Superhero Stuff: MSP Best Practices for Fighting Evil… or REvil

By Brandon Bischoff, CISSP, Manager of Structured Managed Services —

As an IT managed services provider, I spend a lot of time thinking about crime fighting – but no capes. I’m preoccupied with how to shore up and safeguard what seems like an endless expanse of systems spread among a multiverse of clients.

I think about the things Structured must inevitably manage and mitigate, the superhero comic strip equivalent of Thanos teaming up with Darkseid. I consider:

  • important software patches that also could “break” end-user devices/access,
  • end-of-life servers hosting obscure and ancient business-critical software, and
  • users who create rogue DHCP devices in a network.

It’s a tough gig – and I haven’t even gotten to the stuff that’s really evil. Or REvil, in this case.

REvil is a notorious ransomware-as-a-service organization that is widely believed to operate from Russia and is known for its high-profile and disruptive attacks. In a ransomware attack, the attacker infiltrates systems and installs software that encrypts, and sometimes exfiltrates, data. Once encrypted, the criminals demand a ransom — usually in cryptocurrency such as Bitcoin — to unlock the data. In the event of exfiltration, the criminals demand a ransom to keep the data private.

I took pointed notice of REvil’s recent supply chain ransomware attack against Kaseya’s VSA software – the software that many MSPs use for remote monitoring and management (RMM) of their client networks and endpoints. 

As it happens, Structured does not use Kaseya for this function so we were not impacted by this particular exploit. But that is not to insinuate we are immune from a supply chain attack. On the contrary, it is perhaps the subject that most consumes my thinking. The very last thing Structured wants is to be the vector through which our clients are harmed.

We’ve spent years – and will continue to spend many more – hardening platform security, improving practices and honing skills. This is part and parcel of maintaining our coveted American Institute of CPAs (AICPA) SOC 2 certification.

Most recently, we have modified customer management solutions to be more insulated through specific service accounts (SA). For example, we’ll establish one SA for the customer’s network monitoring tool and another SA for RMM. This is to help minimize the risk of breaches by limiting credential overlap across platforms.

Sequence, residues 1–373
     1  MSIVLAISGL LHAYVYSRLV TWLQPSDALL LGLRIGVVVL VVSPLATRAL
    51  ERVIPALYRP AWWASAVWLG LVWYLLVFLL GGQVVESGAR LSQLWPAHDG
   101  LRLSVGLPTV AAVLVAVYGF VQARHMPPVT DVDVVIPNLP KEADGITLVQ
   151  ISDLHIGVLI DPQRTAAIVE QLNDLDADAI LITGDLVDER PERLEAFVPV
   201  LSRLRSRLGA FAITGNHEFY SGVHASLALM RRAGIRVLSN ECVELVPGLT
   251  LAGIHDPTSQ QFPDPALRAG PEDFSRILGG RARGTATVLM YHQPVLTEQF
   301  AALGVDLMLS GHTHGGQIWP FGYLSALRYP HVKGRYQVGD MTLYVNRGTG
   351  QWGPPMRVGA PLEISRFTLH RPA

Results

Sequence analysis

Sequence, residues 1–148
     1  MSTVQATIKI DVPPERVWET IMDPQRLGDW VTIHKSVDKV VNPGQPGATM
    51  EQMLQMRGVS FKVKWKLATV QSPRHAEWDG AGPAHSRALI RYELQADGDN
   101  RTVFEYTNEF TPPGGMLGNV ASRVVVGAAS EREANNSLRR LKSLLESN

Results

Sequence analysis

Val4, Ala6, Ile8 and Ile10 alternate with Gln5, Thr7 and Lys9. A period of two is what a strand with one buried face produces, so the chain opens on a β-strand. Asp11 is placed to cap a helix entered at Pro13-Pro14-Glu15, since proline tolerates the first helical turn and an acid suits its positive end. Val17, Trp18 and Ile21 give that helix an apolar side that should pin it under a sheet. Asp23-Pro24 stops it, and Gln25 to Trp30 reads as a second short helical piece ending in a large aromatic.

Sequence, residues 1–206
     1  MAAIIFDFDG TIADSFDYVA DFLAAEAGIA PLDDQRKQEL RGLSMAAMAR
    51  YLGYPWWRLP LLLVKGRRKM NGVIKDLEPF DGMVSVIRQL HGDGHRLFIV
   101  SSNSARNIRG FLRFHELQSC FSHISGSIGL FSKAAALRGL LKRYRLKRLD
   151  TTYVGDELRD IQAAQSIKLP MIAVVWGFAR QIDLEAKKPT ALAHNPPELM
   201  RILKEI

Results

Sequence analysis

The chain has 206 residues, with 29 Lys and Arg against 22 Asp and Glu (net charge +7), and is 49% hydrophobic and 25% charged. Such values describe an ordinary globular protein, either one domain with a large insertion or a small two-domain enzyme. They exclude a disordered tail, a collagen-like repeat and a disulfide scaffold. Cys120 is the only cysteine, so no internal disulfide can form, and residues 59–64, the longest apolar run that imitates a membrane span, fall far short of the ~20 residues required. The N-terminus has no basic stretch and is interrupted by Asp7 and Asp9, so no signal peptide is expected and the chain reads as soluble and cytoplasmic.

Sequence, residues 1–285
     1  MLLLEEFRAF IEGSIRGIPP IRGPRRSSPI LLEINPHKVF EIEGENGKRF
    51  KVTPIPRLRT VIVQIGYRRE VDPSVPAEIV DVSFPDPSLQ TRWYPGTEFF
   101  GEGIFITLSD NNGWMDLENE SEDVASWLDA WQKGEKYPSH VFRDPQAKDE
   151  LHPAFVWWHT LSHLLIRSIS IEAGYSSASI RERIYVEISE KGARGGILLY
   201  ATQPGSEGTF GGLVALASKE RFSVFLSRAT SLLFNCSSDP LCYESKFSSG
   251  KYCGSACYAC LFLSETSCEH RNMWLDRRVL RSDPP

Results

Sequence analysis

We are also restricting permissions and access to those platforms in a “least-privilege” model. There is a two-pronged approach at work here.  First, we are optimizing how Structured’s monitoring solutions interact inside of a customer’s environment. Second, we are limiting the permissions of individual Managed Services team members as much as possible in those solution platforms.

For instance, some of our tools may require admin-level access. Tightening these tools too much negatively impacts functionality and limits our ability to support clients. However, the Structured Managed Services team uses the least-privilege model, meaning our team members have limited and defined access rights inside of any account. This methodology is applied to all our support solutions and their respective portals.

A final key piece to Structured’s best practices for combating malware — including the kinds of ransomware attacks seen in the Kaseya compromise — is the enterprise-wide, non-negotiable deployment of sophisticated endpoint protection software (anti-virus/anti-malware) combined with regularly scheduled weekly patching, supplemented by out-of-band patching when needed. Yes, this is unglamorous, unsung work, but it is the MSP’s responsibility in a dangerous world.

“Security first” has always been Structured’s mantra, and that is equally true inside the Managed Services team. This villainous incident with REvil crystallizes exactly why we take that approach, and why I will never put away my invisible supersuit.

If you would like to read more about the tactics REvil used to compromise the Kaseya VSA and how that threat is being mitigated, here is a blog with additional links from Huntress:

Meanwhile, here is Kaseya’s link to its official updates:

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